Even better was finding the little poem a few of us MFA grads wrote while sitting through the commencement speech and role call. I won’t say how many years have passed since then, but it has been enough to make this seem an artifact. So here’s the poem, written by KC, Athena, John, and me. It doesn’t have a title, but it doesn’t seem to need one (how very postmodern). And it speaks of learn’d bastards with greatest affection, as that’s what we all strive to be (or, unconsciously become).
Eight graduates with Fine Arts Masters,
Commenced ‘tween lanes of learn’d bastards,
Clad in gown and caps,
Collectively thinking, perhaps
‘twould be better if this thing
would go faster.
More love for the MFA degree can be found here.
Tonight I had the pleasure of sitting around a table drinking wine and sharing crème brûlée with some friends from graduate school, specifically the MFA program in creative writing at Minnesota State University Moorhead. Pulling up in my minivan I realized it had already been a good 5 years since my last writing workshop around that blessed, beat-up and beloved table in Weld Hall library.
One discussion stood out over the Cabernet and custard, perhaps because of where I’m at academically, professionally, and personally. It was whether an MFA degree had any value in today’s workplace for those not interested in teaching at the college level, and how those skills might be applied in the workforce.
At the table for tonight’s conversation were four MFA graduates and a faculty member. The grads included a software developer, a local magazine editor, a PhD student/professor, and a marketing director. Not a bad as products of the program, I’d say.
This post outlines some key areas where the MFA program directly relates to the creativity, critical thinking, and communication skills that are very much in demand in today’s job market. It’s time to start that dialogue around how those of us in the arts and humanities can create some pretty kick-ass careers for ourselves.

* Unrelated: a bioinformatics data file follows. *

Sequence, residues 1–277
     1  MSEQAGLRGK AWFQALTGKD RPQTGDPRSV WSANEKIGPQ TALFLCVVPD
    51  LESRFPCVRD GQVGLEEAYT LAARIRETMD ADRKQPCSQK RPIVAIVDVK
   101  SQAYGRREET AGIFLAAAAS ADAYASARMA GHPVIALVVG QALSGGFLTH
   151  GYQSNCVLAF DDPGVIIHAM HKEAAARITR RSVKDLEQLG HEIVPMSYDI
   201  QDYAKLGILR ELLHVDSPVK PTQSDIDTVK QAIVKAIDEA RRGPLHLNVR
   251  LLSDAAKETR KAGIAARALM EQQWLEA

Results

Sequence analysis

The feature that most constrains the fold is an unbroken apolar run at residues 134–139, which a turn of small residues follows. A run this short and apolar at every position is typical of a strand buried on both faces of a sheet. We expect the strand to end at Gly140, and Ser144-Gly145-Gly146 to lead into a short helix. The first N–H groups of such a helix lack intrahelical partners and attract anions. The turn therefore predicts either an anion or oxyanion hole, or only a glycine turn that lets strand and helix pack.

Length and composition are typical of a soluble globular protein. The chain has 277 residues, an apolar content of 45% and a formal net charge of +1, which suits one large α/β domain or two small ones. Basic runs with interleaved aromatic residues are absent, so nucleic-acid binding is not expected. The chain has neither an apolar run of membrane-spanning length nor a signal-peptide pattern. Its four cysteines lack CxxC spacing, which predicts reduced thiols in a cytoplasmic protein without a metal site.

The perspective here is from a fiction writer (as opposed to poetry or nonfiction), and it’s from the marketing point of view (versus a visual art like design or a sales role such as business development). It deals mostly with applied professional writing—as a “creative” on an in-house team or at an agency, for example. (I’m sure the linguistics or communications theory-laden post will soon follow.)
One more disclaimer is that I have split personalities when it comes to writing about marketing. I’m a B2B marketer marketing an advertising product to folks who market B2C. But at the end of the day, we’re all fucking human. Write that way and you can sell a product or service or otherwise inform and persuade an audience. That’s all we really need to do.
Here’s that list, from my own experience as an MFA graduate with a pretty sweet career. I may not have been placed on that path because my credentials state this particular degree, but the skills needed to get there tie directly to experience in a creative writing program.
1. Tight Lines. These people have the ability to write tight lines that are both creative and persuasive. In fiction, the writer needs to create believability and truth, or verisimilitude, in the story.